The 1866 map (46) shows two shops located on the southwest bank of the creek by the first bridge. To the south was Mortimer’s smithy, and at the road edge a turning shop. The turning shop or wood working factory was founded about 1830 by Isaac Cradit; here Mr. Cradit and his workmen produced fine furniture and woodwork. They also built many of the early Greek Revival style houses in the village. The first of the Cradit mills was washed away by a freshet, and with it one of the mill workers, Mr. Poppenwell. Later the shop was operated by Mr. Cradit’s sons, Alexander and Eck. The business was sold to Henry Bool in 1893. He renovated the mill and put in new machinery, including a steam boiler. The mill continued to use the water from the dam to run the machines and the steam to treat the lumber. The wooden dam was replaced by a concrete one after it was destroyed by a spring freshet in 1913. Herbert Bool and George Saunders purchased the mill in 1901. The firm produced high quality furniture mostly for institutions, such as the Baker Chemistry Laboratory on the Cornell University campus. At one time the company also produced the wooden cabinets for the Singer Sewing Machine Company for shipment all over the world. Mr. Saunders used smooth, clean little boards for making lists and sketches.6 The mill, the last one to operate in Forest Home, closed down after the owners retired. Cornell University purchased the property and tore down the mill.
A tannery and a leather finishing shop were located on the north side of the creek on what is now Pleasant Grove Road. The tannery was built by Mills McKinney, Albert Force’s great grandfather. Later William Slocum, Mr. Force’s grandfather, came to Forest Home and joined him in the business.
The tannery prospered as long as there was tanbark to be had7 . . . For a time McKinney and Slocum ran a retail store, advertised in the Ithaca Journal of 1865:
New Leather Store
McKinney and Slocum, manufacturers of Calf, Kip, and upper leqather, and also of Harness Leathers at Free Hollow, have opened a shop for the sale of the same, at whoesale and retail on the east side of Aurora St., Ithaca, at the shop lately occupied by W. J. Egbert, as a shoe store. They have been led to this course for the purpose of accommodating many of their customers who can more easily be supplied in Ithaca than at the tannery. The stock is so favorably regarded as to make it very generally sought after.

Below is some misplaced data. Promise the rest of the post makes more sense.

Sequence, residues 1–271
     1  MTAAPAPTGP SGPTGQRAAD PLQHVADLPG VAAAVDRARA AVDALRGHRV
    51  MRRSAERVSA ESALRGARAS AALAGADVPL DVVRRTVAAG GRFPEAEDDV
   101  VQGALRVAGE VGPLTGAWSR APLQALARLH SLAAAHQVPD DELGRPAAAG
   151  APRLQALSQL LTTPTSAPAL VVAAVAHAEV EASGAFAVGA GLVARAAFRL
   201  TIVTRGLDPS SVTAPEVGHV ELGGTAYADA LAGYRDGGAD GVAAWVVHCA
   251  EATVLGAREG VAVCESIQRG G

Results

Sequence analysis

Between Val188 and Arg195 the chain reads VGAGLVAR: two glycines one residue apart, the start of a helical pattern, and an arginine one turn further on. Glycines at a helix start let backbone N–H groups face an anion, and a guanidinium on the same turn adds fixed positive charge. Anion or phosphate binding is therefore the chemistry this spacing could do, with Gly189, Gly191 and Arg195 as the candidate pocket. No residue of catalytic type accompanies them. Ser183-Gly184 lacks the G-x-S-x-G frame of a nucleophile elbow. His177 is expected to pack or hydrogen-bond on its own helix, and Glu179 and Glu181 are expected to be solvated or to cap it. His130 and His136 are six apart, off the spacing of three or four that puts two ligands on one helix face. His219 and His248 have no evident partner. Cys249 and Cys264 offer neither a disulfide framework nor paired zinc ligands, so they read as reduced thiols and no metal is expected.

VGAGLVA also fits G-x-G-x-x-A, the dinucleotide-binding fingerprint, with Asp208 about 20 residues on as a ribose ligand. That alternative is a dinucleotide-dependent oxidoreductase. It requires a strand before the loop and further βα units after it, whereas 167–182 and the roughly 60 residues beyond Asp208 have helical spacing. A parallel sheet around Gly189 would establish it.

Hemlock bark, hides, and skins bought, and highest price paid in cash. Stock tanned on shares for those who desire it.
Store open on the 15th June, 1865
Alfred Hasbrouck was the proprietor of a leather finishing shop which stood on the middle curve of Kline Hill, now the Pleasant Grove Road. Here he tanned and finished fine calf and kid-skins for ladies’ shoes and book-bindings. Only one product of the old tannery remains – the song book which my grandfather bound with soft calf-skin, replacing the hard board voers so that he could roll it up and carry it in his pocket on horseback to singing school. The flume under the bridge abutment, and the general outline of the tannery, can still be seen.
Isaac Cradit’s furniture factory stood on the southwest side of the old wooden bridge and directly across the creek was Peter Manning’s saw mill and Brown’s cider mill. The latter was the objective of annual cider-raids by the students of the new university, many of whom had found rooms in Free Hollow. Their antics kept the village in an uproar in those days, I can tell you. Great gangs of them, having pre-arranged with the proprietor, would march on the mill of a crisp fall night firing shotguns and apples right and left – and consuming barrels of good cider. …
Children loved the precarious sport of riding the logs on the old saw mill as they moved toward the shining, whining saw. They no doubt ate the apples and sampled the new cider, played with wood curls from the cabinet shop and burrowed in the fragrant piles of clean saw dust. There was no allure, however, in the tannery. It stank of hides and tan-bark soaking in great vats.” (12, pp. 9, 10, 11)
Forest Home Drive between the two bridges was once the business section of the village.
Strange as it may seem, in a time when drinking was not considered one of the deep-dyed sins, and every deacon kept a hard-cider barrel in the cellar and plenty of whiskey where he could put his hand on it, there was never a tavern or bar in town. Neither was there a store until after the Civil War, or a church until 1915. The neighbors hitched up and drove to Sodum or the flats, as Ithaca was first called, to do their tradin’. Special luxuries came from the shops in Owego, but of these such as spices, teas, coffee etc., – there were scant supplies. Soon, however, pedlars with their alluring wares were making rounds regularly, bringing cloth and buttons, tin pans, patent medicines and toys for the young ones.” (12, p. 6)